You can sit at the long, two-part counter, or at one of the high tables for two across from it which is what we did.  I felt like we were in our own pleasant little world.  There are also quite a few larger tables in the front of the restaurant.  One of my previous visits there was for a co-worker’s going away party, and we fit 12 or so of us quite comfortably and had a great time.

After all that eating out, we decided we’d better do some of our own cooking on Sunday.  After our Figgy’s discovery on Friday night, Mike texted me from Addie’s basketball practice to tell me he’d had a revelation.  I was expecting a career change, a move, something life-changing (and maybe it was), but the revelation was that we should have fried chicken sandwiches for “football food”.  I was totally on board thinking we’d do takeout from Figgy’s.  Apparently that wasn’t what he had in mind.  He wanted to try making our own.  Not quite as easy and not as guaranteed to be good, but I was game.

I found a biscuit recipe on-line and sent Mike a grocery list while he picked up the chicken at Pat’s.  I made the biscuits and left the rest up to him.
I had one with strawberry jam while I was waiting for the rest of the meal to come together. Not bad!

We used store-bought coleslaw and skipped the mashed potatoes and gravy, but they still came out pretty darn good.
No breakfast run this weekend.  We’re getting ready for a Festivus Party at our house later in the week, and we have a race tomorrow – which actually does include brunch.  I guess we’re technically having a breakfast run after all.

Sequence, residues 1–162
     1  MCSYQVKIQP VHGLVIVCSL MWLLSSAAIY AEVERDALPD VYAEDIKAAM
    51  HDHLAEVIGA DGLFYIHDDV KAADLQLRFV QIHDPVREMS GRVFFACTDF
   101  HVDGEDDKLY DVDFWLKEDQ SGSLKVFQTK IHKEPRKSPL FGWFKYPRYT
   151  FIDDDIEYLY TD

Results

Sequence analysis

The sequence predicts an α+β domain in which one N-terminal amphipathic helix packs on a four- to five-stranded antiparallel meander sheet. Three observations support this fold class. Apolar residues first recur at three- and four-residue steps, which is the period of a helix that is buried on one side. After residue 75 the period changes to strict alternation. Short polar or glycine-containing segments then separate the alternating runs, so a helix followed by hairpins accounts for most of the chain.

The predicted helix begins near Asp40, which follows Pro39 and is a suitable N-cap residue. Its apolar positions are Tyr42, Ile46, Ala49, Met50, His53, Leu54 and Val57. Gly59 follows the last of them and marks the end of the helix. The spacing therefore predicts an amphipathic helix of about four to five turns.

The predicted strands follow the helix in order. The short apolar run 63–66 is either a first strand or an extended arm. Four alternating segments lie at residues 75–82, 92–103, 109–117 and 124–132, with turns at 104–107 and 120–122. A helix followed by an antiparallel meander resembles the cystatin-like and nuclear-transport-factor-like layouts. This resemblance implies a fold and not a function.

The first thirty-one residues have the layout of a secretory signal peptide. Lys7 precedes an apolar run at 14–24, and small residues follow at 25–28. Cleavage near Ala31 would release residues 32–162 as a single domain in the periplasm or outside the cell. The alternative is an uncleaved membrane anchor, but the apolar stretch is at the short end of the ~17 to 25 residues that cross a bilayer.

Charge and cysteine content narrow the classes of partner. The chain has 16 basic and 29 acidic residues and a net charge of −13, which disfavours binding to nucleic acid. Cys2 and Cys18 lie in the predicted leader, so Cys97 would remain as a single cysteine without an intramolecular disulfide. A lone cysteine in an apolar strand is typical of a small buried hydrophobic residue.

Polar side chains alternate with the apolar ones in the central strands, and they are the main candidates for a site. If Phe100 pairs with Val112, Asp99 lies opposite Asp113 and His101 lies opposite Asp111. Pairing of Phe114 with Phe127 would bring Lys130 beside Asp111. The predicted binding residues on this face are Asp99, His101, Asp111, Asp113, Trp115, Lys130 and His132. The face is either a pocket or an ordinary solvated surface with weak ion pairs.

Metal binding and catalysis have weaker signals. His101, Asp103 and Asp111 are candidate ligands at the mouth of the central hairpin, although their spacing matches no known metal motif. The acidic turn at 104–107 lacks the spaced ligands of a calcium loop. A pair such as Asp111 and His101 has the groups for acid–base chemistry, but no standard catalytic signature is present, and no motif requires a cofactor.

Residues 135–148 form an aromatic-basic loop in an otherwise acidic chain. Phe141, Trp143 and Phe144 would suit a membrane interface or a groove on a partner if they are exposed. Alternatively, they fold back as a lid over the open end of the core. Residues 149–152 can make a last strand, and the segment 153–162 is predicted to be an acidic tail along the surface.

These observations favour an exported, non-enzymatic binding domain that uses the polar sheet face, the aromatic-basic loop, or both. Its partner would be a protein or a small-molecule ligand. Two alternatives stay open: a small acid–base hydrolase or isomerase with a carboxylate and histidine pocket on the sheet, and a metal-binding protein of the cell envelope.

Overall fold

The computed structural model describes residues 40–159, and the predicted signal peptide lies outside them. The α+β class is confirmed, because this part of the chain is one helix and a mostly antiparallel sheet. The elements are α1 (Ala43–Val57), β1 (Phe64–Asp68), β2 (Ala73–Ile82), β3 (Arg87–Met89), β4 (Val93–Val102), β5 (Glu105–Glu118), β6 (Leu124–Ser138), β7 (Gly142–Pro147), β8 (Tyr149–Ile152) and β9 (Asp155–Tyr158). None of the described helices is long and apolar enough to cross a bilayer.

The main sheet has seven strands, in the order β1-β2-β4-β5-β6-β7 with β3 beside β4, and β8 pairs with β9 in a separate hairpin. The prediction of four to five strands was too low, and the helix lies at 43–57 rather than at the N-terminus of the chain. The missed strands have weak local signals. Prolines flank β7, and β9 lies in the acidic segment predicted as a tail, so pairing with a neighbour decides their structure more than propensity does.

Happy weekend.  Thanks for reading.

An Improvised Breakfast Run – Dutch’s

We hadn’t really discussed doing a breakfast run this weekend.  I was too full from Thanksgiving to really even think about going out.  Saturday morning, it was pouring rain, and I was lazy, so I skipped my run altogether.  It stopped raining fairly early, so Mike ended up rallying and heading out.  I could have, too, but my mind was made up.  I felt guilty, as I always do, but not too bad, since I did run every mile that I had planned to run in Rangeley in spite of the grueling hills.

We didn’t plan to run together on Sunday.  It’s usually a long run day for both of us (but it never seems to be the same distance), and I feel like it’s best to focus on that and not make it a more casual breakfast run.  Just the same, we were missing our breakfast runs, so we came up with a plan to just meet up for coffee at Black Cat.  Sounded great Saturday night before we went to bed.

Then, apparently, we woke up hungry because we started thinking about a more substantial breakfast from Bayou Kitchen.  We’ve been there what seems like hundreds of times in our ten years in this neighborhood but still haven’t written a review.  In addition to waking up hungry, I woke up unmotivated.  I had planned to run 18, and I knew Mike was going to run 13, so I figured it would just simplify everything if I also did 13.  So the new plan was set for BK.

We set out on one of my favorite routes which goes over the bridge into SoPo, along the Eastern Trail for a while, past Scratch Baking Company (another great breakfast option), and to Portland Headlight.  6.5 miles gets us to the gate of Fort Williams.  (It takes you past a Hannaford at about 3.5 miles in case you need a bathroom break.)  Mike was setting a nice pace, a little faster than I would have liked, but I was looking forward to pouring over the stats when we got home.   He always seems to want to sprint up the hills.  What is UP with that?!